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Ontario reports 1,009 new COVID-19 cases, 8 more deaths

Click to play video: 'COVID-19 modelling indicates tough winter ahead for Ontario’s ICUs' COVID-19 modelling indicates tough winter ahead for Ontario’s ICUs
WATCH ABOVE: COVID-19 modelling indicates tough winter ahead for Ontario’s ICUs. Matthew Bingley reports – Dec 7, 2021

Ontario is reporting 1,009 new COVID-19 cases on Wednesday, as case counts continue to rise week over week. The provincial case total now stands at 626,321.

For comparison, last Wednesday saw 780 new cases and the previous Wednesday saw 591. Over the last three days there were 928 new cases reported Tuesday, 887 on Monday and 1,184 on Sunday. The seven-day average has now surpassed 1,000 for the first time since June 1.

Of the 1,009 new cases recorded, the data showed 421 were unvaccinated people, 22 were partially vaccinated people, 502 were fully vaccinated people and for 64 people the vaccination status was unknown.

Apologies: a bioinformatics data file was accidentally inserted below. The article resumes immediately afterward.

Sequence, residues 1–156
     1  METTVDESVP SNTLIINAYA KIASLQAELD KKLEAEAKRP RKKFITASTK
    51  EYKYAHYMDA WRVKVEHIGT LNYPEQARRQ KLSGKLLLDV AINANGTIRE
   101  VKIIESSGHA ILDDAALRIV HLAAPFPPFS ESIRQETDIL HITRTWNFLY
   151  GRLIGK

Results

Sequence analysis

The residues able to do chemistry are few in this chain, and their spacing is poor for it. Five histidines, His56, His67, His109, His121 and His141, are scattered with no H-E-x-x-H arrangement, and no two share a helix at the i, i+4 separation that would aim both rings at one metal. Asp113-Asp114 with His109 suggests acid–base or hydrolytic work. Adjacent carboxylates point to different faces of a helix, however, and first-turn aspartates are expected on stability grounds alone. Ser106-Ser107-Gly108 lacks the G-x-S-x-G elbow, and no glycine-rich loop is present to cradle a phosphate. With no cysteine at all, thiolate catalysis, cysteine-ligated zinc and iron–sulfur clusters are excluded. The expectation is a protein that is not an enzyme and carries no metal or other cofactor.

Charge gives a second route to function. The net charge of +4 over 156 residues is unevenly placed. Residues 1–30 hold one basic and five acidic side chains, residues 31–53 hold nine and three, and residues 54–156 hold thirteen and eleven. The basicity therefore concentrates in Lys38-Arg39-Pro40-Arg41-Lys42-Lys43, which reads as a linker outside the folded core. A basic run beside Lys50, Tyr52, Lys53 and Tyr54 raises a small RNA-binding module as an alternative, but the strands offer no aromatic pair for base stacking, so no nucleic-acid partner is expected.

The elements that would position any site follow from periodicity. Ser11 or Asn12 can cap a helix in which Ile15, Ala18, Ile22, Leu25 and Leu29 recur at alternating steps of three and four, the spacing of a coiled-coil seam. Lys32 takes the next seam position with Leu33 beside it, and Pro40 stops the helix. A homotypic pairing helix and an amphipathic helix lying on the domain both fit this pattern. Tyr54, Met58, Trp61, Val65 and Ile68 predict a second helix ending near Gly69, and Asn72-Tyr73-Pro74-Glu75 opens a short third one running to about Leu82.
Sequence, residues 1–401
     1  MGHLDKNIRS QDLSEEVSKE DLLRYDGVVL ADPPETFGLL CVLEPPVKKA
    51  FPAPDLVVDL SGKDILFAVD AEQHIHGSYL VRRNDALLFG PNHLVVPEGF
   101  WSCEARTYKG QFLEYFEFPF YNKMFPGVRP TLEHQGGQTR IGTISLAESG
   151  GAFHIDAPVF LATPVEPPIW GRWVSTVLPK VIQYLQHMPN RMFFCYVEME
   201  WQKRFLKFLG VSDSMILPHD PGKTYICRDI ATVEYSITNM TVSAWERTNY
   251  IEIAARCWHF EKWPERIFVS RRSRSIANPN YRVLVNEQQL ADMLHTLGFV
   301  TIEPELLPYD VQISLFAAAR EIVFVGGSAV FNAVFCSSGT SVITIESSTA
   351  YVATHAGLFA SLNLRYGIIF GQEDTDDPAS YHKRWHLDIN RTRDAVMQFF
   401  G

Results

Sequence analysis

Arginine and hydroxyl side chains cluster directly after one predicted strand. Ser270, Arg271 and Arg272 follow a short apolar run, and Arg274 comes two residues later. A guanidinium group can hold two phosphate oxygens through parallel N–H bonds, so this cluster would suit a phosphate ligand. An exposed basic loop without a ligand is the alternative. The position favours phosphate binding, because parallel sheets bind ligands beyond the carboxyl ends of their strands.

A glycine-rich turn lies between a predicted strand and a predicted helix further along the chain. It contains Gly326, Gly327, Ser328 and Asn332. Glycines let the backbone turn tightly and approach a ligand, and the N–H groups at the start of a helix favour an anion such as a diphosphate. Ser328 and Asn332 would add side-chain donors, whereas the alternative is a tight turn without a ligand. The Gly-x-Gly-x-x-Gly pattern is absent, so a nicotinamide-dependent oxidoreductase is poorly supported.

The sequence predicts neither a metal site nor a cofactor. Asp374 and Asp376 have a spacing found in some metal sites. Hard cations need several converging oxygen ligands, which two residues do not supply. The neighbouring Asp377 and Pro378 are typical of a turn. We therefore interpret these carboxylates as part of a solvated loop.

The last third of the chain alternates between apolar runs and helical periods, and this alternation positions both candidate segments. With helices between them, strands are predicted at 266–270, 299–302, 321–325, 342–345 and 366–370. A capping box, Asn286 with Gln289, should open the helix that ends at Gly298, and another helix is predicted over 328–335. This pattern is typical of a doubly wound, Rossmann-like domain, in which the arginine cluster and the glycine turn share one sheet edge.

According to Tuesday’s report, 124 cases were recorded in Toronto, 92 in Ottawa, 82 in Simcoe Muskoka, 75 in Windsor-Essex, 69 in the Kingston area, and 50 each in Hamilton and in York Region. All other local public health units reported fewer than 50 new cases in the provincial report.

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The death toll in the province has risen to 10,044 as eight more deaths were reported.

Read more: Ontario COVID-19 cases, ICUs will rise even without Omicron variant: new modelling

Vaccinations, recoveries, testing, 7-day average in Ontario